This illustrates the attachment of the triarylamine photoconductive group to a malonate diacid. The resulting malonate-photoconductor diacid was then polymerized as described above with appropriate glycols and other diacids to produce polyesters 5-14 in Table I.
A five-liter, three-necked, round-bottom flask equipped with stirrer, thermometer, Dean Stark trap, and condenser was charged with 391.8 g of di-p-tolylaminobenzaldehyde, 208 g diethyl malonate, 11 ml of piperidine, 13 ml of acetic acid, and 1500 ml of toluene. The reaction solution was refluxed for 6 hours, and during this time 32 ml of water was collected. The reaction was cooled and the toluene was evaporated. The product was taken up in 900 ml of ethanol, and the ethanol was slowly reduced in volume by evaporation. The crystalline product was collected, and had a melting point of 99°-105° C. The product was recrystallized again from ethanol, dried, and had a melting point of 104°-106° C. The yield was 494 g. The condensation product, diethyl 4-[N,N-di-p-tolylamino]benzylidenemalonate, was reduced using palladium over charcoal as the catalyst.
These examples illustrate the solvent coating of ionic polyesters of the present invention to form photoconductive layers on a conductive film support and the resulting photodischarge characteristics of the photoconductive layers.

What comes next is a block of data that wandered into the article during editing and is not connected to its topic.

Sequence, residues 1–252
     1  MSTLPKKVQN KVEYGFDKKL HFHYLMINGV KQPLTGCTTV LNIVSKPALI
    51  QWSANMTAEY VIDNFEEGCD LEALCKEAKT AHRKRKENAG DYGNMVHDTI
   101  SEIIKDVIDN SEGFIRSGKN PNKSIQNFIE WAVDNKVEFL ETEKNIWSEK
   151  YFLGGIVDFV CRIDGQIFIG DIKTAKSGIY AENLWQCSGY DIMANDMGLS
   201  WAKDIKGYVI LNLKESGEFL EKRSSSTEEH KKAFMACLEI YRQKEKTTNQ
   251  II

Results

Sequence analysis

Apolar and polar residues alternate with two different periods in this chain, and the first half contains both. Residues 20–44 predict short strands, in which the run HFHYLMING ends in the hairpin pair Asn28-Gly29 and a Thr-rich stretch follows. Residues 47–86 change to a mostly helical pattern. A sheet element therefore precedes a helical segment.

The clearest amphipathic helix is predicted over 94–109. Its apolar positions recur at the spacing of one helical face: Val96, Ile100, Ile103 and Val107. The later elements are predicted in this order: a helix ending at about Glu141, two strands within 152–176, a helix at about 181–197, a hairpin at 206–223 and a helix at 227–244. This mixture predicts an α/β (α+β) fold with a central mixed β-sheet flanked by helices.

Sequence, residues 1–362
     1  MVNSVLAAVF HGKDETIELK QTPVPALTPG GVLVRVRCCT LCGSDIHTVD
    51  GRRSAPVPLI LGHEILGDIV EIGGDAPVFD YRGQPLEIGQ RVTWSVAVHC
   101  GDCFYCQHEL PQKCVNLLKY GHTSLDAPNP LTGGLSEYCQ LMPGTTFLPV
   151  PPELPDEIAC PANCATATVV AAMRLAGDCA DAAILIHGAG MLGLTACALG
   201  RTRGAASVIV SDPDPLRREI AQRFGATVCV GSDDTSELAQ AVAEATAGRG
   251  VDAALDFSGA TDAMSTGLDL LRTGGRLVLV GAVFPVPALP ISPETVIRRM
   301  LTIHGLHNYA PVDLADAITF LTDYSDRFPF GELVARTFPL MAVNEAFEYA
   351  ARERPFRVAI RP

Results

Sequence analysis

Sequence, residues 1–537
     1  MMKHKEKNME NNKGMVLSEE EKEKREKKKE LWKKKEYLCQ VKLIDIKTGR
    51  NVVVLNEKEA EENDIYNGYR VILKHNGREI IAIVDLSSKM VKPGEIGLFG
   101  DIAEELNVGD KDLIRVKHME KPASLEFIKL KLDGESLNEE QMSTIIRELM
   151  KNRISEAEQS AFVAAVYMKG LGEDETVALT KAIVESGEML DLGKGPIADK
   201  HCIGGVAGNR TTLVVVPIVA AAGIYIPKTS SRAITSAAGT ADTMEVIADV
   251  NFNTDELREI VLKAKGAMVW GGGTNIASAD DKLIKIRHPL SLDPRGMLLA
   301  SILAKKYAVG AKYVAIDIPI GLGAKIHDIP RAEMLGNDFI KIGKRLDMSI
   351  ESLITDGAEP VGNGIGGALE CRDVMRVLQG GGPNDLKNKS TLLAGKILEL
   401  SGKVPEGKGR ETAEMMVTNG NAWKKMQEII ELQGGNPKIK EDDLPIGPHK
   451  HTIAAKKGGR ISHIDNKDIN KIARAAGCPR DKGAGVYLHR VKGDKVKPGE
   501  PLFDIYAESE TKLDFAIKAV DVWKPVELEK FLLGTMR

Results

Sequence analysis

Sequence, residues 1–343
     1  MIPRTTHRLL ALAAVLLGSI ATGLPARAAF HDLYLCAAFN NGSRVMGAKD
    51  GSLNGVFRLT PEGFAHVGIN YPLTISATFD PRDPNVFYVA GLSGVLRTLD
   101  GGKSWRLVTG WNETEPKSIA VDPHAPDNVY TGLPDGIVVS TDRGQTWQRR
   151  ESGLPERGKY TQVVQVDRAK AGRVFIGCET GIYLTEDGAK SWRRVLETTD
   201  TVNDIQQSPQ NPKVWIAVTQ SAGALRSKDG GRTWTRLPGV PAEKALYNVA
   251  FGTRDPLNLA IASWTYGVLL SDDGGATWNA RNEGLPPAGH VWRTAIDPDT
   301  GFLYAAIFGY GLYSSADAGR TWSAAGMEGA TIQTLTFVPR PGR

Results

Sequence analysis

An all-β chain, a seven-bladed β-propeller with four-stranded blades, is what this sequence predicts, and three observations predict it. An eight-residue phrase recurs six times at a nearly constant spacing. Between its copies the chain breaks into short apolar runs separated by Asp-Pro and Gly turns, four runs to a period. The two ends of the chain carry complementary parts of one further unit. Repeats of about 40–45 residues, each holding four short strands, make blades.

The ionic polyester 6 from Table I was dissolved in tetrahydrofuran (THF) at 20% solids. The solution was coated onto 0.4 O.D. (optical density) nickel-coated poly(ethylene terephthalate) support to give a dry coating of approximately 6.5μ thick. Another solution was prepared and coated as above, except 0.5% of the following sensitizer was added: ##STR38## A third solution was prepared and coated as above except polyester 10 replaced polyester 6 to a coating thickness of 7μ, and dichloroethane replaced THF as solvent.
The resulting photoconductive layers were charged to an initial charging potential (Vo), exposed to a 350 nm monochromatic light source, and the photodischarge measurements of the layers were determined as the number of ergs/cm2 required to dissipate the charge to 1/2Vo.
The results of the photodischarge measurements are listed in Table II.
TABLE II______________________________________Photodischarge Sensitivity ofSensitized Ionic Polyester Photoconductors(Positive Charging-Front Surface Exposure) Photodischarge Charging to 1/2 Vo at Potential, λ = 350 nmExample Polymeric film Vo (volts) [ergs/cm2 ]______________________________________1 Polyester 6 +441 562 Polyester 6 + +375 33 sensitizer3 Polyester 10 +500 98______________________________________
These examples demonstrate the aqueous coating of ionic polyesters of the present invention to form photoconductive layers on a film support and the resulting electrical properties (positive or negative charging modes) of the photoconductive layers.
Various ionic polyesters from Table I were dispersed in water at 20-25% solids and coated on the nickel coated support described in Examples 1-3 above. The dry coating thickness ranged from 6.5μ to 7μ.